It is absolutely amazing how much our military and our veterans do and have done for our country. They continue to serve us daily with a great love for their country. Veterans have a rich history in our country, for which you can read more here, but they are also making history every day out in the workforce.
Many vets face challenges when it comes to integrating into the civilian workforce. They have a wide set of skills, and some that simply do not transfer over. For example, Marine Corps engineers like Christopher Pascale (author of War Poems) are great at looking for roadside bombs, but that is not something most interviewers can appreciate in terms of him being a great banker or salesman - two jobs that don't make the list for vets in general. However, there are some terrific jobs for veterans.
Most veterans are comfortable talking in front of crowds. This comes from having to speak up frequently in groups of 30 or more. Some give what are called "hip pocket classes," which are impromptu courses on a subject they have either prepared, or are knowledgeable about, such as patrolling, weapons safety, or how to save for retirement.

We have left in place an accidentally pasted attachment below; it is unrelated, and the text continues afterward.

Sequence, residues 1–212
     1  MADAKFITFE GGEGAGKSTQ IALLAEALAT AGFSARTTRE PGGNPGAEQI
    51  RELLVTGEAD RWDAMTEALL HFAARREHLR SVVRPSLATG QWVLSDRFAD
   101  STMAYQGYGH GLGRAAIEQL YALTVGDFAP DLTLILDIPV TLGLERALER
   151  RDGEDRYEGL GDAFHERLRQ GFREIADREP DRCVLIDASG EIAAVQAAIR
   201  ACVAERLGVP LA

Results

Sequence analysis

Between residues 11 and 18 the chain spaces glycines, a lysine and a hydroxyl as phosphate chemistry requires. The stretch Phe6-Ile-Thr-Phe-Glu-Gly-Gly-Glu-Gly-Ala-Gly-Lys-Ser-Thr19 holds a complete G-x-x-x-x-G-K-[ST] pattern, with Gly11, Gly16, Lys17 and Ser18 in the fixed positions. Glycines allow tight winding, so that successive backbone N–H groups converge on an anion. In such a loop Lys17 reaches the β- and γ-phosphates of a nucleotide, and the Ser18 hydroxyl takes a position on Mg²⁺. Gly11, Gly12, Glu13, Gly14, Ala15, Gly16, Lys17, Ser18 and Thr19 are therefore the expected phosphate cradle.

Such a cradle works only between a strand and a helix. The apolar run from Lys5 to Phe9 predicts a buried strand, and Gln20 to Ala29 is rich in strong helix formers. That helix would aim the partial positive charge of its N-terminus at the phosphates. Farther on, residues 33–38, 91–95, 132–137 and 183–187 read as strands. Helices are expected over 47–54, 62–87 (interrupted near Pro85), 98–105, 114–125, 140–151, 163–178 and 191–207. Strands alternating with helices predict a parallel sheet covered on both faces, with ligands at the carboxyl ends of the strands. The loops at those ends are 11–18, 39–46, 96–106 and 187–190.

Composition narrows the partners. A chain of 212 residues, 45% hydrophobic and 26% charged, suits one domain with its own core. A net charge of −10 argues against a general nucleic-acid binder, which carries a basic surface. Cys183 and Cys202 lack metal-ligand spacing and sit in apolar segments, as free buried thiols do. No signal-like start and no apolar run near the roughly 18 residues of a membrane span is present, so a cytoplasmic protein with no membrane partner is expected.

As veterans rise up in the NCO and officer ranks they have to do paperwork. Some makes things more efficient, and others don't. However, they understand that following the process in place is the first step toward being able to understand it, and maybe making it more efficient. While most people would hate government admin work, and would also hate the pay scale this would be different for veterans. Veterans would understand the process, be used to the concept of being in a job that will keep them from being poor - even if they'll never be rich - and will also appreciate benefits like accumulating large amounts of sick and leave time, which starts at a total of 26 days per year!
With just 1-2 years in the military veterans are given some kind of experience as a fire team leader in charge of 3 other people. What's more, veterans are used to having team members that they cannot fire, and therefore have to help be better.
After spending between 4-30 years doing many things they may not have wanted to veterans fully embrace the idea of studying what they want in school. Add in the GI Bill that pays their tuition, and then pays them tax-free cash, and the incentive is even bigger. This is likely why veterans have higher GPAs than their classmates.
There are many opportunities for veterans in the workforce. While some will make fantastic lawyers, accountants, and engineers we believe these professions will suit them extremely well.